KYREBROOK day care centre is continuing to face an uncertain future.

The centre has seen a decrease in the number of people it cares for despite an increasing population of older people needing support and has now made the decision to close its facility on Mondays and Thursdays as a response.

A spokesperson said: “The staff and volunteers are determined to keep fighting so that Tenbury does not lose this highly valued asset to the community.

“Over 150 clients have passed through our doors in the past 10 years, and they and their families know the difference that Kyrebrook has made to their lives. 

“We are a not-for-profit community interest company, no fat cat directors in this company creaming off any profits. in fact, if it was not for the flexibility and kindness of the staff and volunteers, we would have shut our doors earlier in the year and found jobs that pay us a decent guaranteed living wage.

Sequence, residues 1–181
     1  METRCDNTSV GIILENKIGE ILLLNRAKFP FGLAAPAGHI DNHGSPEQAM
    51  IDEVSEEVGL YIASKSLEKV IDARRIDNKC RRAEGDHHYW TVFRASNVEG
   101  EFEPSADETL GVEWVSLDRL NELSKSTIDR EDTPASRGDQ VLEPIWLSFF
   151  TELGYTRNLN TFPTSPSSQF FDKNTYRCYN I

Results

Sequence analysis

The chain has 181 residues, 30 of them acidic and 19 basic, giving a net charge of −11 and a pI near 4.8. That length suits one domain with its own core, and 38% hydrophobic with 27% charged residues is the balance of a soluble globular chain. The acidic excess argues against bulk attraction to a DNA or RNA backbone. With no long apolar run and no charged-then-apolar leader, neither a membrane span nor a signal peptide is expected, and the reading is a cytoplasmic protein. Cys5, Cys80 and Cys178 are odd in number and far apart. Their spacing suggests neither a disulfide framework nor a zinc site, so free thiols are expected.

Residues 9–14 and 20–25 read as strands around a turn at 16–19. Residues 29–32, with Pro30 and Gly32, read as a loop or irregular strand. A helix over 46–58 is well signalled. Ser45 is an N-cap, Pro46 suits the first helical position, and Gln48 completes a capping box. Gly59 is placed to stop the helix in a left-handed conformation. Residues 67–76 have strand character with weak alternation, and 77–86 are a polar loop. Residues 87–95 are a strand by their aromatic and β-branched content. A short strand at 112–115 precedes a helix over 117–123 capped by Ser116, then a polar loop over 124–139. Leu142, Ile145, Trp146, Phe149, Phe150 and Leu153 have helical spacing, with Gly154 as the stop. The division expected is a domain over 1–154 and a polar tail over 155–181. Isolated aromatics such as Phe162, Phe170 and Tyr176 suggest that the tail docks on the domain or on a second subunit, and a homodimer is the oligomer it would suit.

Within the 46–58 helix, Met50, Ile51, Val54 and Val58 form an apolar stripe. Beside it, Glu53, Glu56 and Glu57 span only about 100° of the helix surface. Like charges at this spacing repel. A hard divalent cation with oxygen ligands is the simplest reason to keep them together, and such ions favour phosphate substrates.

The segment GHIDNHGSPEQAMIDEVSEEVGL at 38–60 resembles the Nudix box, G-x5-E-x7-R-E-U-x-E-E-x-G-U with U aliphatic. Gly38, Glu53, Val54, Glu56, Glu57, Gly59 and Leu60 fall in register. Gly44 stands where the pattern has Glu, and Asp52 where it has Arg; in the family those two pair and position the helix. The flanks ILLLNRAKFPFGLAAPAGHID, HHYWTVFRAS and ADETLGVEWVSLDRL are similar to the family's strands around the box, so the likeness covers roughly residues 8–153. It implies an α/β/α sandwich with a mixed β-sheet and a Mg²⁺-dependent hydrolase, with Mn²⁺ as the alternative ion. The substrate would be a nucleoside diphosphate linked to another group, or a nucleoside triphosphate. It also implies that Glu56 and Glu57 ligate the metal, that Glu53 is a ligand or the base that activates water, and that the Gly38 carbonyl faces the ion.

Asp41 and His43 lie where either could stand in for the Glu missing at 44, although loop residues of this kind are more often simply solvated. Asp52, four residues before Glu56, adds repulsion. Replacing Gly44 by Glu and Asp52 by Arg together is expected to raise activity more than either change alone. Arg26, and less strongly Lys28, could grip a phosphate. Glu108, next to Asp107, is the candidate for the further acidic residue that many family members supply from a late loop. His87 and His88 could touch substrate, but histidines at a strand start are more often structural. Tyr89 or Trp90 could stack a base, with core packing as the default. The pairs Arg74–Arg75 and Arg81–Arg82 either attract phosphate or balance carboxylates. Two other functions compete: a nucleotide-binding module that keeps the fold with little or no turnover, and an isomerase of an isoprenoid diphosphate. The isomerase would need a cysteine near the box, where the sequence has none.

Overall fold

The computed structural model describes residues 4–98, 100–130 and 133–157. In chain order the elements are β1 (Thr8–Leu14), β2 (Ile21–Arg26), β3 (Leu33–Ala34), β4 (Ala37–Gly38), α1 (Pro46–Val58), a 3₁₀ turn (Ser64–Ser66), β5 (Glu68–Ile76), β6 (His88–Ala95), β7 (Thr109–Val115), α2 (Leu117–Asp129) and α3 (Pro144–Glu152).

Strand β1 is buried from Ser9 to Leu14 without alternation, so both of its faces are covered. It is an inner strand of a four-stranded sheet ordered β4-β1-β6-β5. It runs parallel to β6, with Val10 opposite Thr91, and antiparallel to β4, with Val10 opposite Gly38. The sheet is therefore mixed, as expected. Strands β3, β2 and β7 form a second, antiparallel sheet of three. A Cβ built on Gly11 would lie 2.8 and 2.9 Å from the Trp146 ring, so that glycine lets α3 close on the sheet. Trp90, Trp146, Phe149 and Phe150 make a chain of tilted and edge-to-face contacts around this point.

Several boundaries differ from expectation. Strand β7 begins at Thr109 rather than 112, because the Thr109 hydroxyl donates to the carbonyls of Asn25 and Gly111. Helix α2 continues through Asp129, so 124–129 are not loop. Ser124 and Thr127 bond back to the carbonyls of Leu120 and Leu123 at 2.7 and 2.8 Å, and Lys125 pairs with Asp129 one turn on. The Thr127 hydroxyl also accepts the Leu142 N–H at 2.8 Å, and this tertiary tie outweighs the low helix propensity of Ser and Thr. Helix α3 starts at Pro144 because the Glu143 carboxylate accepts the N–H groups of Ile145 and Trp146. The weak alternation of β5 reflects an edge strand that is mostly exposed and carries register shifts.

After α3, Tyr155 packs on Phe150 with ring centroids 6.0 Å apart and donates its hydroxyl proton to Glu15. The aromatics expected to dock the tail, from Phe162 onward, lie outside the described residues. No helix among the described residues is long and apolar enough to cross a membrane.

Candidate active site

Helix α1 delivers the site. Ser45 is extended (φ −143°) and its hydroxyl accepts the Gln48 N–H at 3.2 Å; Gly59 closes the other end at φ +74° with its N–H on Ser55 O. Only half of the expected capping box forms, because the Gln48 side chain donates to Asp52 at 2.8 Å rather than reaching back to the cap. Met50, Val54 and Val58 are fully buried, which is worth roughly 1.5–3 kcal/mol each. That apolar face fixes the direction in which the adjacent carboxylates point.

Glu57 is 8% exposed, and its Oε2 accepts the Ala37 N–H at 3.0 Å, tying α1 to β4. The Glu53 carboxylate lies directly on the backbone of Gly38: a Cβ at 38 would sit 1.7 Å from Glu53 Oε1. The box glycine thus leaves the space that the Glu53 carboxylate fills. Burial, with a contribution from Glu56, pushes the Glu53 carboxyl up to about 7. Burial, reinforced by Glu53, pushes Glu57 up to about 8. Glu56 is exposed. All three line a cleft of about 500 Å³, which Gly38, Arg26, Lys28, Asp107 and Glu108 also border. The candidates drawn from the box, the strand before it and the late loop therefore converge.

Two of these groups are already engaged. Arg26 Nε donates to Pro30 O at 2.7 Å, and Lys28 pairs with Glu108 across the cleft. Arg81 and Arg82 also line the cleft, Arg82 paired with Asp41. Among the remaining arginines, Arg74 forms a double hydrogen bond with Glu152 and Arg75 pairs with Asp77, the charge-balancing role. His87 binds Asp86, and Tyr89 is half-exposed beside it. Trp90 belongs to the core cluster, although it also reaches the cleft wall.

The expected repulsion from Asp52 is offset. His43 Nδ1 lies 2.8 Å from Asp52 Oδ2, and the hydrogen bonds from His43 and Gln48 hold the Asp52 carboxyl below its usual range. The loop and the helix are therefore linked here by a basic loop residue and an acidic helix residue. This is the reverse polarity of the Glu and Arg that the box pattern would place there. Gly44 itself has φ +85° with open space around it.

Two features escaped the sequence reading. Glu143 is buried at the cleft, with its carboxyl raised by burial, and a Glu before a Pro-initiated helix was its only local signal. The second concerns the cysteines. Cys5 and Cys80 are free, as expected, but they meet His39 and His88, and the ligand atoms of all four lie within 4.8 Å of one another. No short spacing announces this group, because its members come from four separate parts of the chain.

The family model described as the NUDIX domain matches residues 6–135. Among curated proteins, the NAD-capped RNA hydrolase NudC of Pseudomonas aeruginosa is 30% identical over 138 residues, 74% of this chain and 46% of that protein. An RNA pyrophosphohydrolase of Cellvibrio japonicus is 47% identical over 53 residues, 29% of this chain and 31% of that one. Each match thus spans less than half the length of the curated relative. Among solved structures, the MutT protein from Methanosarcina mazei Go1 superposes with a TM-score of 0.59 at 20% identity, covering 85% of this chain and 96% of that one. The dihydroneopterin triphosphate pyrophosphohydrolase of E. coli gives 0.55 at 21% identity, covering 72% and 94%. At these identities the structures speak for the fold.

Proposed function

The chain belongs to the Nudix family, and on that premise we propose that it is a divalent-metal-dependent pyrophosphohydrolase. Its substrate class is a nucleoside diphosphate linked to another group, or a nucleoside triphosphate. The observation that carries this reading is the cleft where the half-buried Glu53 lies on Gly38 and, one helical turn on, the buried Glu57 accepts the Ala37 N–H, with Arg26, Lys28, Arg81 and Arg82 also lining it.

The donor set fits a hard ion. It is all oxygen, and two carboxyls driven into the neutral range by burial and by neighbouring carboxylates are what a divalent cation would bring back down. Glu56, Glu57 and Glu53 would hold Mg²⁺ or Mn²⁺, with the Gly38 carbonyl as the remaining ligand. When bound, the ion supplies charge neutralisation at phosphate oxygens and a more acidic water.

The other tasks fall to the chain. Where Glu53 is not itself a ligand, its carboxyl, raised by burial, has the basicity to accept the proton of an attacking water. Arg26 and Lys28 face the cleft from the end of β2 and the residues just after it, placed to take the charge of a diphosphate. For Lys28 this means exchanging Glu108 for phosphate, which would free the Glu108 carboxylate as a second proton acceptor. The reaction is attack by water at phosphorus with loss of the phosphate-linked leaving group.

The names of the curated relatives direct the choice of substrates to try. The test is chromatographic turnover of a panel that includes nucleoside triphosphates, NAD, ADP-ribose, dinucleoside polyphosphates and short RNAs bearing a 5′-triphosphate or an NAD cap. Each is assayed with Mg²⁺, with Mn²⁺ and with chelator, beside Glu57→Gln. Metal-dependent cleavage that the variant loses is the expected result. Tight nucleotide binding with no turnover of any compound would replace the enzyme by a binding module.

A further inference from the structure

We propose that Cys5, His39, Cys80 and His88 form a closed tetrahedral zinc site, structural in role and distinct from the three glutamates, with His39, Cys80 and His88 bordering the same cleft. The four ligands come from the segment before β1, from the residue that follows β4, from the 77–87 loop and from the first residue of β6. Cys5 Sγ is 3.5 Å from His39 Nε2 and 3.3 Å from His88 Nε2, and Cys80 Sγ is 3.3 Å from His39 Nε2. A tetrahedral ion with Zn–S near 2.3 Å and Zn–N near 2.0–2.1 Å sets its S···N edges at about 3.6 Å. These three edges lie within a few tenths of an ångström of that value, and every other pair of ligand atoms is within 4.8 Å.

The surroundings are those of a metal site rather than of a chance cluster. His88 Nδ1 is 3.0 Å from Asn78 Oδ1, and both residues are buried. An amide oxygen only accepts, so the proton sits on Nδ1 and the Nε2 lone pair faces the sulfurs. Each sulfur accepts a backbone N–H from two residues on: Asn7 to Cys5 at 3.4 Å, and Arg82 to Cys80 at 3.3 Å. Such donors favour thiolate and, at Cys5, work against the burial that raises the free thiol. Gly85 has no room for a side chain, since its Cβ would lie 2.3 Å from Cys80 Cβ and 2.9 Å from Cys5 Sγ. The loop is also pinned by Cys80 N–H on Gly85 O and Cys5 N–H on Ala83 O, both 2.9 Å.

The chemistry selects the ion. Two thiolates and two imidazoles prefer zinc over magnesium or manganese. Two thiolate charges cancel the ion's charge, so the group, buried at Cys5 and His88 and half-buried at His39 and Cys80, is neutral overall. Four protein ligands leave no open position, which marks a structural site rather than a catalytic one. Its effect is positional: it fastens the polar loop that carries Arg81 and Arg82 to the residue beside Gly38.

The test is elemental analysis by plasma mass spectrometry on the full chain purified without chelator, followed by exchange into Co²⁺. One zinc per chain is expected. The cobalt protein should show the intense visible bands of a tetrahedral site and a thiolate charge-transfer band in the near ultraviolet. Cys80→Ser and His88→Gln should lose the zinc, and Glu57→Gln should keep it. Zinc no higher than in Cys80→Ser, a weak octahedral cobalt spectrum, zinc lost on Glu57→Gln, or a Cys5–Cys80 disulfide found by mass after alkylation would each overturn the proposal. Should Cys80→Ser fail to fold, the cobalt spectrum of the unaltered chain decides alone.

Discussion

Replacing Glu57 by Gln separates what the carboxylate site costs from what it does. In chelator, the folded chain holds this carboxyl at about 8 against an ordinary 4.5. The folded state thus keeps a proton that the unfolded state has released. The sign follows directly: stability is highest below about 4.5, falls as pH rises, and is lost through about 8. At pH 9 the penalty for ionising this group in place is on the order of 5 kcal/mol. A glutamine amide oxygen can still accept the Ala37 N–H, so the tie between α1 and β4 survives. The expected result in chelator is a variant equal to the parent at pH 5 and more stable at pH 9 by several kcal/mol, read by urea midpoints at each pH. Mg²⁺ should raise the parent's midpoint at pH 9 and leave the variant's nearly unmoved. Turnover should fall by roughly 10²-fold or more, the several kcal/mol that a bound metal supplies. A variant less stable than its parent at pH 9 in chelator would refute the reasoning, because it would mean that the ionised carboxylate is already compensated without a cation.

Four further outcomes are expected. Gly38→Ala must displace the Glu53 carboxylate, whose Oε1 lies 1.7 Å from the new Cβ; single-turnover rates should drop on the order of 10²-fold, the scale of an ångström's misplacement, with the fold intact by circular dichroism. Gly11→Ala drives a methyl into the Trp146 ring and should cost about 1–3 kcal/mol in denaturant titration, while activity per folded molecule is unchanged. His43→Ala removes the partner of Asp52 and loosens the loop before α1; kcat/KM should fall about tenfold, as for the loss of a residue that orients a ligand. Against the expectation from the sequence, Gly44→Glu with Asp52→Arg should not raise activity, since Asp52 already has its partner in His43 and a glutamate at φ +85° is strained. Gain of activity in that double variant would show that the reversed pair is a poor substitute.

“Our care and commitment says a lot about our genuine love of caring for people. A lot of people presume that we are funded by the council, but every penny of income is from attendance fees and grants that we sadly, mostly unsuccessfully apply for.

“We won't give up hope until the bitter end.”

The team at Kyrebrook are exploring new ways of attracting clients to the centre, with an increase in posters and flyers being distributed around Tenbury and a lunch club scheme which will be launched in November.

The centre will open for a few hours on Mondays and Thursday so that the lunch club can take place. Tenbury Transport Trust will be providing free transport for people within three miles of Kyrebrook so they can enjoy a two-course lunch, tea, coffee, soft drinks, and activities such as board games, quizzes, singalongs and bingo.

In January, Ria Baxter, the centre’s director, said: “It makes no sense whatsoever that a service with such a positive effect on the health and wellbeing of vulnerable older people is not being valued, particularly when domiciliary agencies are having such severe staffing problems and, in some cases, are handing back care packages to county councils or refusing to take new clients onboard.”